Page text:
ASEAN Economic Ministers Push Freer Trade


With the Doha Round of WTO trade policy negotiations suspended, a logical question is what happens next. The Economic Ministers of the ten members of the Association of Southeast Asian Nations (ASEAN) meeting in Kuala Lumpur, Malaysia gave a clear answer by committing to achieving internal free trade by 2015 rather than the earlier target of 2020. This is partly in response to the growing economic power of their two big neighbors, China and India. Southeast Asia is a likely place for strong economic growth for the foreseeable future, and the free trade actions by the ASEAN Economic Ministers explain why that is true.

ASEAN was created in 1967 with Indonesia, Malaysia, Philippines, Singapore, and Thailand. Brunei joined in 1984, followed by Vietnam in 1995, Laos and Myanmar in 1997, and Cambodia in 1999. The original five plus Brunei are advanced developing countries, while the other four are less developed. The population of the ten countries is 560 million, with GDP of $850 billion per year ($1,500 per capita), merchandise exports of $625 billion per year and imports of $540 billion per year. The countries have a good mix of low skill, low wage factory workers and higher skilled laborers and professionals.

Increased economic integration was an original goal of ASEAN. According to information on their website, in the early 1970s intra-ASEAN trade accounted for 12-15 percent of members’ trade. Today about 25 percent of their total trade is intra-ASEAN. The five original countries plus Brunei have fully implemented the Agreement on the Common Effective Preferential Tariff of the ASEAN Free Trade Area that has reduced tariffs to an average of 3.8 percent. They have tackled trade in services, one of the hardest issues to address. The economic ministers committed to the 2015 deadline for the free flow of all services, including skilled labor and professionals. They also committed to work on trade facilitation to reduce the cost of paperwork and time delays. Customs revisions have reduced the number of tariff-eligible items by 2,500 to 8,300. Despite this progress, harmonizing domestic trade laws will be a formidable task since the countries have a history of tight control of key industries like banking and transportation.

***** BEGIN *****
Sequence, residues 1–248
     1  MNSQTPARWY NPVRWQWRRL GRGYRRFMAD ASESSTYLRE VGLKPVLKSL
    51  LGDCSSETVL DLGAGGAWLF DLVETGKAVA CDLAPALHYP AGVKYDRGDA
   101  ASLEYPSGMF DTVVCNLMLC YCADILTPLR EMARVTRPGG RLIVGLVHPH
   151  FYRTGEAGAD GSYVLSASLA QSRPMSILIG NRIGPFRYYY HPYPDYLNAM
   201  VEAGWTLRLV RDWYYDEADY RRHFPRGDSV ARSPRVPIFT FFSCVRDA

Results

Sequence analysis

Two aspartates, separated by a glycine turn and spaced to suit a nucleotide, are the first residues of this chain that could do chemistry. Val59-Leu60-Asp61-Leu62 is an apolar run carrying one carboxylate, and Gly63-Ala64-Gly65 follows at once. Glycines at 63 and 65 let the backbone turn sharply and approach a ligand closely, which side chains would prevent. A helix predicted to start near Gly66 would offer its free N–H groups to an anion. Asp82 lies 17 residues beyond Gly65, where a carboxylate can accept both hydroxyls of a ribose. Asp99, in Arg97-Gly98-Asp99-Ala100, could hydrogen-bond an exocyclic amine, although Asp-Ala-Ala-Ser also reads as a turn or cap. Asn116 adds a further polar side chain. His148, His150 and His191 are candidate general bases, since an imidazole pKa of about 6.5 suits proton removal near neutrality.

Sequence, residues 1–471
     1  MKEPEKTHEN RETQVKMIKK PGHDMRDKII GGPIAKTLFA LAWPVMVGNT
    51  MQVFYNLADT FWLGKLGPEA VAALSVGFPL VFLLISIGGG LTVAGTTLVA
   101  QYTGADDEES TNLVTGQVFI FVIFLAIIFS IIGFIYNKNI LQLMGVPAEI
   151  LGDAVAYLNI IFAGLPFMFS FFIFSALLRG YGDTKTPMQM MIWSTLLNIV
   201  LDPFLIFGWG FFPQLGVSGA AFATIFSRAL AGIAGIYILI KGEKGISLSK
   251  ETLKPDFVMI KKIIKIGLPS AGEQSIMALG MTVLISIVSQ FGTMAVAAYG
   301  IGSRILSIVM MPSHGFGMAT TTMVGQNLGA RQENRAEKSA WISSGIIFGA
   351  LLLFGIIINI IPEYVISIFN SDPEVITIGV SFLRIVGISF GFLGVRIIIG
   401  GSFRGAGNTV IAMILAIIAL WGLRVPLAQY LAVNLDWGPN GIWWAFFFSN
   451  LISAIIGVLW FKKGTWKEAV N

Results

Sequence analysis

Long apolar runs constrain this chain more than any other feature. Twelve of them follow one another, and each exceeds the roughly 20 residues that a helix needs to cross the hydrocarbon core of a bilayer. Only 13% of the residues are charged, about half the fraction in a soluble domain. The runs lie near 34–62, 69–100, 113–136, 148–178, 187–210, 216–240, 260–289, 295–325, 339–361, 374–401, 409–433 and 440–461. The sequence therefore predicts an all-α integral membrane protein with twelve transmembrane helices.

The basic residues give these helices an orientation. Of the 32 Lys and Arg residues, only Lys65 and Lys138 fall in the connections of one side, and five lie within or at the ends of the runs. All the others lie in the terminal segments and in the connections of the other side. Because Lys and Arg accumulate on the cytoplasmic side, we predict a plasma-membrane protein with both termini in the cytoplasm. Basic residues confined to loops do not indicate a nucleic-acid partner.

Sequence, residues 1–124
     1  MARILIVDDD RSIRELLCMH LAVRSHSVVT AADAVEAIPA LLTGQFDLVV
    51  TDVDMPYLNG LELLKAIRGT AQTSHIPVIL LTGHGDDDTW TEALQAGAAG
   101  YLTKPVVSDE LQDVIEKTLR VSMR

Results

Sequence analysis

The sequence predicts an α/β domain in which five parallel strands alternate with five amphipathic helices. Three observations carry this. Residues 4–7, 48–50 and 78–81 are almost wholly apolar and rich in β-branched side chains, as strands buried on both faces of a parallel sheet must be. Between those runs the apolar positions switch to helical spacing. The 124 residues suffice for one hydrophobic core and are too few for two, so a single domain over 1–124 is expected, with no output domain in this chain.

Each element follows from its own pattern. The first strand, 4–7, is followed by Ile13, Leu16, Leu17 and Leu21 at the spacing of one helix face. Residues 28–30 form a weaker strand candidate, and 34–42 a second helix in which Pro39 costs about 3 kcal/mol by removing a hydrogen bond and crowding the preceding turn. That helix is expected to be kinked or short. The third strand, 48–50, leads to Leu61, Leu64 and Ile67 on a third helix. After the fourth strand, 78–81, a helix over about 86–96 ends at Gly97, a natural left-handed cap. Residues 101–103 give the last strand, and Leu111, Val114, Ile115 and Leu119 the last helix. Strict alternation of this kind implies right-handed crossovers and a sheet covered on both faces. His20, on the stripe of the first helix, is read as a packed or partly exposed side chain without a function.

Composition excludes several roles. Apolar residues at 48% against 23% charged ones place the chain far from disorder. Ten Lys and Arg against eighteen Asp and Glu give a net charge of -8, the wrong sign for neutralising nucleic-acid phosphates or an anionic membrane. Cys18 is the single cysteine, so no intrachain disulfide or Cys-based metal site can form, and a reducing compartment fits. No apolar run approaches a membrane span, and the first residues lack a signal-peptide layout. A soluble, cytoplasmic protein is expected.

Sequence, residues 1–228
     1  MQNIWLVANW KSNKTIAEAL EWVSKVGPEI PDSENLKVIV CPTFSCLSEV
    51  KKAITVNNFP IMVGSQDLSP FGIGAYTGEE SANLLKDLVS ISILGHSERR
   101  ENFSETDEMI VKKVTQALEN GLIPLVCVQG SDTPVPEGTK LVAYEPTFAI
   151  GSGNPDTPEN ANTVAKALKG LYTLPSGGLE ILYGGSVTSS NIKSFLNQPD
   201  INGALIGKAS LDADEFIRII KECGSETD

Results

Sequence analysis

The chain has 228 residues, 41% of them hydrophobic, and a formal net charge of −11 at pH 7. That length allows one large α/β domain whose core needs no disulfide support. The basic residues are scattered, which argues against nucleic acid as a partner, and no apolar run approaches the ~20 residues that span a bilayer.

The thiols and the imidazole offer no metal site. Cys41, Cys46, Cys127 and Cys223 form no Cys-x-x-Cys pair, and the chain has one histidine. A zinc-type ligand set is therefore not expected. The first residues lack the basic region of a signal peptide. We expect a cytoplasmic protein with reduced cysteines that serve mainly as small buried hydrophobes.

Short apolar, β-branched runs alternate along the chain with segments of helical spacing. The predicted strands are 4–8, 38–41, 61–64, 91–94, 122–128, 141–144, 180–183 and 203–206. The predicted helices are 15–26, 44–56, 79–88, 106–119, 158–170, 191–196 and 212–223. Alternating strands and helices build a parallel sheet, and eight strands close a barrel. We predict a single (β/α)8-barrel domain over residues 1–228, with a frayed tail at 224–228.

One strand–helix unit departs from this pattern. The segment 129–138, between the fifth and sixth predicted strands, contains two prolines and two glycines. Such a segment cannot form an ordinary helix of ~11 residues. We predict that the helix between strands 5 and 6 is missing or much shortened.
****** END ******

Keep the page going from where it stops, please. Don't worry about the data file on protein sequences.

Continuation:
Economic integration efforts of the past 40 years have paid off. Foreign direct investment (FDI) in the ASEAN countries was $38 billion in 2005, up 48 percent from 2004. For comparison, China’s FDI in 2005 was $53 billion.

The members of ASEAN are important to U.S. agriculture. Their 560 million people account for over 8 percent of the world’s population. With a commitment to intra-ASEAN free trade and international competitiveness in goods and services, they will have increasing incomes in the years ahead. The U.S. already has a free trade agreement with Singapore and is negotiating with Thailand and Malaysia. The Enterprise for ASEAN Initiative seeks to further strengthen U.S. trade and investment relationships.

In calendar year 2005 the U.S. had a negative agricultural trade balance with the ASEAN countries with exports of $3.3 billion and imports of $4.5 billion, but that is skewed by $2.8 billion of imports of products that are not produced in the U.S. These included $1.4 billion of rubber and allied products, $600 million of tropical oils and $400 million of cocoa beans, paste and butter. With these items excluded, U.S. agricultural exports to the ASEAN countries exceeded imports by $1.6 billion.